The success of the rights issue, despite the preponderance of small shareholders and the fact that Eurotunnel does not expect to pay a dividend until 2003, has been a vital plank in resolving the company's second debt crisis with an overall pounds 1.6bn refinancing.
With Eurotunnel shares closing 3p higher at 279p in London, compared with the rights subscription price of 265p, it seemed likely that there had been a fairly substantial take-up of their rights by British investors.
Fears that the share price, under pressure before and after the announcement of the rights issue last month, would fall below its rights subscription price and leave the issue in the hands of its British underwriters have proved wide of the mark.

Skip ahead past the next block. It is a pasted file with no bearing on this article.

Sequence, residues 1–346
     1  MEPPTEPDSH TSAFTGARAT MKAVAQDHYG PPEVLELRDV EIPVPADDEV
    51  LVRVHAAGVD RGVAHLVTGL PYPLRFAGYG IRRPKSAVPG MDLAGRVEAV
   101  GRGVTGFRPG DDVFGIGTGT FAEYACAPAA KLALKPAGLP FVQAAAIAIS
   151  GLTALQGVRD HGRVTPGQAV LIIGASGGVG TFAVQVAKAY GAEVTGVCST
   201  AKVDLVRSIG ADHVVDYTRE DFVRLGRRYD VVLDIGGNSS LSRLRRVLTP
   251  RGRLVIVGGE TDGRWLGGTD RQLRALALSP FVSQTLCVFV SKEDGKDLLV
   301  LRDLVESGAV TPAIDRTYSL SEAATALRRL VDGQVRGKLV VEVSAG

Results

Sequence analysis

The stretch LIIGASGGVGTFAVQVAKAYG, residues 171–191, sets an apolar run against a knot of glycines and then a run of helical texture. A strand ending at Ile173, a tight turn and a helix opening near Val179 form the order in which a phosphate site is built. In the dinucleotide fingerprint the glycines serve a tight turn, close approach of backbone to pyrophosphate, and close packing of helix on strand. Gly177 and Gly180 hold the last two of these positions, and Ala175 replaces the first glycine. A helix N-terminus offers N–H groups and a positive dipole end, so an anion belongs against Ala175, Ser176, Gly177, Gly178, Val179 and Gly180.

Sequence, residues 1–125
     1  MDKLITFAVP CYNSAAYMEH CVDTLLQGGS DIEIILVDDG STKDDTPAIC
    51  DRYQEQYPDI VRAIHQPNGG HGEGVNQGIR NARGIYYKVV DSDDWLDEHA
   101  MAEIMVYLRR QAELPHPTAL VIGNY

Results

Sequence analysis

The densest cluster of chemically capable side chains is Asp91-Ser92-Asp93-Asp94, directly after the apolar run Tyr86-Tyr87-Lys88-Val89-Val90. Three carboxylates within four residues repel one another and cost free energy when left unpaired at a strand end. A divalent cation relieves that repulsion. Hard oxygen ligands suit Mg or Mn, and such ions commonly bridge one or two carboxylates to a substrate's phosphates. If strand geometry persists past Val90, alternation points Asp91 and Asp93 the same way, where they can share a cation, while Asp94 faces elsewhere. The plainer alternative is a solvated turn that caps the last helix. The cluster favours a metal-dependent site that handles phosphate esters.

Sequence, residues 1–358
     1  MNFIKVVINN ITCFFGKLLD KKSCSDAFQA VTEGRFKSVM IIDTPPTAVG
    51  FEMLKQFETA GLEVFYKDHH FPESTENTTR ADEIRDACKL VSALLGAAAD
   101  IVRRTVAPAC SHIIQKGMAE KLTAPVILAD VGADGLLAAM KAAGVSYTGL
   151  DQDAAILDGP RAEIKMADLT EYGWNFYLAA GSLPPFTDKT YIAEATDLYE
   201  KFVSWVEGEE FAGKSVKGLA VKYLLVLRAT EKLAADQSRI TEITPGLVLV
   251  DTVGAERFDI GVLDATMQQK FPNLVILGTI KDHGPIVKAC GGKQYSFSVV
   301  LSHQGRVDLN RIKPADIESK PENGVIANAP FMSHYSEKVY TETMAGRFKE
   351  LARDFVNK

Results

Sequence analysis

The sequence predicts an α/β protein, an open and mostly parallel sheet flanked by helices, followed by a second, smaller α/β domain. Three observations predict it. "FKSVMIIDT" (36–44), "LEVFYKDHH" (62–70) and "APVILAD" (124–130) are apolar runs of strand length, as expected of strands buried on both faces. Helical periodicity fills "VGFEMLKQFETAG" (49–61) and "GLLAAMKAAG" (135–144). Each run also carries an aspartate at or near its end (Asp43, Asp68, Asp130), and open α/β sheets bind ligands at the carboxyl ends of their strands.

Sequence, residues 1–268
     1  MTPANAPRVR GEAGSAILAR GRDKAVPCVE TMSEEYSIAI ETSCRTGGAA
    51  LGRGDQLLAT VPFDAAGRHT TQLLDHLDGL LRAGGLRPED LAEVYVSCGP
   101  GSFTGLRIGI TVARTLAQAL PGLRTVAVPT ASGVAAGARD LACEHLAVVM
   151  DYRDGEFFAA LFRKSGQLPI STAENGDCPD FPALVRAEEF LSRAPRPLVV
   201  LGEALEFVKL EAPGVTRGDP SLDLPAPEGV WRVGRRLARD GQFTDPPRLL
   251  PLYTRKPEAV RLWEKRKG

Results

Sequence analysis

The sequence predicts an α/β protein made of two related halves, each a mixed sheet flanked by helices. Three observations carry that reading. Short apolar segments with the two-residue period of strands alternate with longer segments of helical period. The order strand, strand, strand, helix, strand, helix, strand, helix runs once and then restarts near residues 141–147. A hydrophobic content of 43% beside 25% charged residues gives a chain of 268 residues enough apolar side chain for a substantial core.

Speculation last night was that as little as 10 per cent of the British half share of the Eurotunnel issue may have been unsubscribed, although an earlier estimate put the figure at 20 per cent.
In these circumstances SG Warburg Securities, brokers to the issue, would arrange to place the unsubscribed portion with institutional investors.
Any profit from the difference between the subscription price and share price would be for the benefit of shareholders.
The issue was underwritten in Britain by Morgan Grenfell, Swiss Bank Corporation, Banque Paribas, Robert Fleming, Salomon Brothers and SG Warburg.
In France, which has 43 per cent of Eurotunnel shareholders, the element of the cash-raising exercise closed yesterday afternoon amid indications that between 97 and 98 per cent of the French tranche had been taken up.
Jean-Michel Plou, of Banque Indosuez, said that as Eurotunnel shares finished trading in Paris at Fr25 compared with a rights subscription price of Fr22.50 he expected that only 2 or 3 per cent of the French element of the issue would not be taken up.Reuse content